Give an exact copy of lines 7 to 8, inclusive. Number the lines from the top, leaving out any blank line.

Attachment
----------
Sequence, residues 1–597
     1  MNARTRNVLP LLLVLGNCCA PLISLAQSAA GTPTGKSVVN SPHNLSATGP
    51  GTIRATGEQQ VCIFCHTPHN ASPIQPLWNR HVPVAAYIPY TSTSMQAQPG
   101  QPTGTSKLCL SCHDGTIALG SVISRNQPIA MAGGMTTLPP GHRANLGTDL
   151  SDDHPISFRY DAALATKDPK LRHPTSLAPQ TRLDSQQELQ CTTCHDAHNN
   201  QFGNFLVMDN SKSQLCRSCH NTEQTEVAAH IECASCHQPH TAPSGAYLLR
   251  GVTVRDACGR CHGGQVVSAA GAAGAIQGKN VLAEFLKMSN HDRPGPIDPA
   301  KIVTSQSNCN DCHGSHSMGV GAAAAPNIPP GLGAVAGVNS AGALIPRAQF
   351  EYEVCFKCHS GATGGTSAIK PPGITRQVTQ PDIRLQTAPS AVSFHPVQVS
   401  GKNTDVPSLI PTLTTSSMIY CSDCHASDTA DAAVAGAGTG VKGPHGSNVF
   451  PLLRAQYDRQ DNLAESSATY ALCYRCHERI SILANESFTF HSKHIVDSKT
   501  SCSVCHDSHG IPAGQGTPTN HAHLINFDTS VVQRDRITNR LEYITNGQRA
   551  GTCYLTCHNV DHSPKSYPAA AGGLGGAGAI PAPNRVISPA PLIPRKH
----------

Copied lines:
   251  GVTVRDACGR CHGGQVVSAA GAAGAIQGKN VLAEFLKMSN HDRPGPIDPA
   301  KIVTSQSNCN DCHGSHSMGV GAAAAPNIPP GLGAVAGVNS AGALIPRAQF